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Journal Article

Normal Pedal Activation in Real World Situations

2011-04-12
2011-01-0551
This study reports pedal activation forces and typical acceleration and deceleration rates during everyday driving activities. Twenty subjects of varying ages, height and weight participated in the study. Each subject was asked to drive a four-door sedan along 2.3 miles of roadway in DuPage County, Illinois. Vehicle speed, acceleration, and position were measured using a global positioning system that was synchronized with force data collected from load cells rigidly mounted on the vehicle's accelerator and brake pedals. Pedal forces and vehicle behavior were measured during common driving tasks such as, shifting the transmission into reverse, backing out of a parking spot, and, making a right hand turn from a stop sign. Our data suggests that simple vehicle dynamic tasks produced in experimental settings may not reliably reproduce vehicle and occupant behavior.
Journal Article

Timber Utility Pole Fracture Mechanics Due to Non-Deformable and Deformable Moving Barrier Impacts

2011-04-12
2011-01-0288
The energy dissipated by the fracture of wooden utility poles during vehicle impacts is not currently well documented, is dependent upon non-homogenous timber characteristics, and can therefore be difficult to quantify. While there is significant literature regarding the static and quasi-static properties of wood as a building material, there is a narrow body of literature regarding the viscoelastic properties of timber used for utility poles. Although some theoretical and small-scale testing research has been published, full-scale testing has not been conducted for the purpose of studying the vehicle-pole interaction during impacts. The parameters that define the severity of the impact include the acceleration profile, vehicle velocity change, and energy dissipation. Seven full-scale crash tests were conducted at Exponent's Arizona test facility utilizing both moving deformable and non-deformable barriers into new wooden utility poles.
Technical Paper

Measurements of Non-Injurious Head Accelerations of Young Children

2014-04-01
2014-01-0493
Few studies have investigated pediatric head injury mechanics with subjects below the age of 8 years. This paper presents non-injurious head accelerations during various activities for young children (2 to 7 years old). Eight males and five females aged 2-7 years old were equipped with a head sensor package and head kinematics were measured while performing a series of playground-type activities. The maximum peak resultant accelerations were 29.5 G and 2745 rad/s2. The range of peak accelerations was 2.7 G to 29.5 G. The range of peak angular velocities was 4.2 rad/s to 22.4 rad/s. The range of peak angular accelerations was 174 rad/s2 to 2745 rad/s2. Mean peak resultant values across all participants and activities were 13.8 G (range 2.4 G to 13.8 G), 12.8 rad/s (range 4.0 rad/s to 12.8 rad/s), and 1375 rad/s2 (range 105 rad/s2 to 1375 rad/s2) for linear acceleration, angular velocity, and angular acceleration, respectively.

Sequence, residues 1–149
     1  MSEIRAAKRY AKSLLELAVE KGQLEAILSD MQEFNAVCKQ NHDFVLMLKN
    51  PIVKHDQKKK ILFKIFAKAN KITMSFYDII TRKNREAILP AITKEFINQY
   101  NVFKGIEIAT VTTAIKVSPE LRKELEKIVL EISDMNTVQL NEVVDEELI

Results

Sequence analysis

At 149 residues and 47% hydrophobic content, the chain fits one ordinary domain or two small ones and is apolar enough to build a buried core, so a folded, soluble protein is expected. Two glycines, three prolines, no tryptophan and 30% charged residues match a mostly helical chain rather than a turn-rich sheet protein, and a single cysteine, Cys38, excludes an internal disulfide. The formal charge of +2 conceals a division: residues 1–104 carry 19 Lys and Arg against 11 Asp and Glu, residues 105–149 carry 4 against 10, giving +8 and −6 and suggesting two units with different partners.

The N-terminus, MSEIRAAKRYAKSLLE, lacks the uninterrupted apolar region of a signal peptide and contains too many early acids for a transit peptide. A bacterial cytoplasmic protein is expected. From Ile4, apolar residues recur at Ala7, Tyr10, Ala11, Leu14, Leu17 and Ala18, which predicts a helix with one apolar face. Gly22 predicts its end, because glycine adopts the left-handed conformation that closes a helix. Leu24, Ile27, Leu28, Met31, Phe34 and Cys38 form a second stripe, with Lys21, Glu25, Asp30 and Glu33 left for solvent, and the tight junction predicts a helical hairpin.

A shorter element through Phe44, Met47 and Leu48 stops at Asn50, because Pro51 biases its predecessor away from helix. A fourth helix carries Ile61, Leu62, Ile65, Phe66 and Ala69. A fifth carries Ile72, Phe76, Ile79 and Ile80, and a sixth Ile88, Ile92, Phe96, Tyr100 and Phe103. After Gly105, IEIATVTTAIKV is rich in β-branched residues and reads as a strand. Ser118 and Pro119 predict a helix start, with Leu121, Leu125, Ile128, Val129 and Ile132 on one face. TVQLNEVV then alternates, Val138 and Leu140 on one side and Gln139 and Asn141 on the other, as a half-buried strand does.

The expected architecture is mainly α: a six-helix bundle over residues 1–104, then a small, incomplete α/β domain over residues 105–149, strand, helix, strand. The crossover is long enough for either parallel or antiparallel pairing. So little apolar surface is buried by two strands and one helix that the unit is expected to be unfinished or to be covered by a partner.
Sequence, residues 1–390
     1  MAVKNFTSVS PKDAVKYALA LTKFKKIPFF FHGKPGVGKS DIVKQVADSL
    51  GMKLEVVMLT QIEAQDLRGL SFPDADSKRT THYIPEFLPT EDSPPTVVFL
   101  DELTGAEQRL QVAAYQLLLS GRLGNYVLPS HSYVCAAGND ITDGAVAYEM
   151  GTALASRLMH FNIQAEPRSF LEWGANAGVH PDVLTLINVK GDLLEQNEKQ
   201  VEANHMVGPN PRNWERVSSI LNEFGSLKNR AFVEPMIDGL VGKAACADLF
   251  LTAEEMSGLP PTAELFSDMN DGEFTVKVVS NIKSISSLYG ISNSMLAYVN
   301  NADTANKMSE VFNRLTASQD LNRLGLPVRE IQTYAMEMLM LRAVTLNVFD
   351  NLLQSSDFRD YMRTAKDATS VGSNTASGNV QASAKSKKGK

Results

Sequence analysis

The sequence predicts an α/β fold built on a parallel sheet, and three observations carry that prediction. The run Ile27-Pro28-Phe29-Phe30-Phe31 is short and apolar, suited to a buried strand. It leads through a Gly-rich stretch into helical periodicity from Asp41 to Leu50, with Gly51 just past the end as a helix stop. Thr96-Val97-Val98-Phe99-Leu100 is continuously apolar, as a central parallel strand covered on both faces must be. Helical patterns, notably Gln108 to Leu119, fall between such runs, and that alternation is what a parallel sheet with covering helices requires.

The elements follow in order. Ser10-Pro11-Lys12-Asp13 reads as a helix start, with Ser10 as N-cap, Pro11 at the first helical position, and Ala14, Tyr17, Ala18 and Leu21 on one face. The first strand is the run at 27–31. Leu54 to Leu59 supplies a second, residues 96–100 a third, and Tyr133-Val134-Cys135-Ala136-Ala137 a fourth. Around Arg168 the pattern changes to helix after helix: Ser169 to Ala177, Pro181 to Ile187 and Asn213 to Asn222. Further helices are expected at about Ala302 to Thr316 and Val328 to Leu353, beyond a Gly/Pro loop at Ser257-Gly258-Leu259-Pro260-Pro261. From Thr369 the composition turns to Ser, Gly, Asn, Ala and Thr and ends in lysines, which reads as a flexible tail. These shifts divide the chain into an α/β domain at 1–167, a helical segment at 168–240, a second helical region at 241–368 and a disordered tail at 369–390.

Technical Paper

Evaluation of Ejection Risk and Injury Distribution Using Data from the Large Truck Crash Causation Study (LTCCS)

2014-04-01
2014-01-0491
Three years of data from the Large Truck Crash Causation Study (LTCCS) were analyzed to identify accidents involving heavy trucks (GVWR >10,000 lbs.). Risk of rollover and ejection was determined as well as belt usage rates. Risk of ejection was also analyzed based on rollover status and belt use. The Abbreviated Injury Scale (AIS) was used as an injury rating system for the involved vehicle occupants. These data were further analyzed to determine injury distribution based on factors such as crash type, ejection, and restraint system use. The maximum AIS score (MAIS) was analyzed and each body region (head, face, spine, thorax, abdomen, upper extremity, and lower extremity) was considered for an AIS score of three or greater (AIS 3+). The majority of heavy truck occupants in this study were belted (71%), only 2.5% of occupants were completely or partially ejected, and 28% experienced a rollover event.
Journal Article

A Simple Method to Insure Bus-to-Bus Safety in Dual-Voltage Automotive Systems

2014-04-01
2014-01-0244
In some automotive electrical systems, it is advantageous to use power supplies and loads at two or more voltages. Often it is desirable to retain the single wire power architecture, with the car body providing the return circuit. A major difficulty in achieving this end is the matter of dealing with the possibility of a short circuit between feed wires at different voltages. It can be shown that source-side fuses cannot be relied upon to return the system to a safe state in all cases. Substantial effort was applied to this problem in the early years of the 21st century, but the results were less than completely satisfactory. Using entirely separate cable harnesses for each voltage, with physically separated routing, minimizes the risk of such a short occurring in the harness.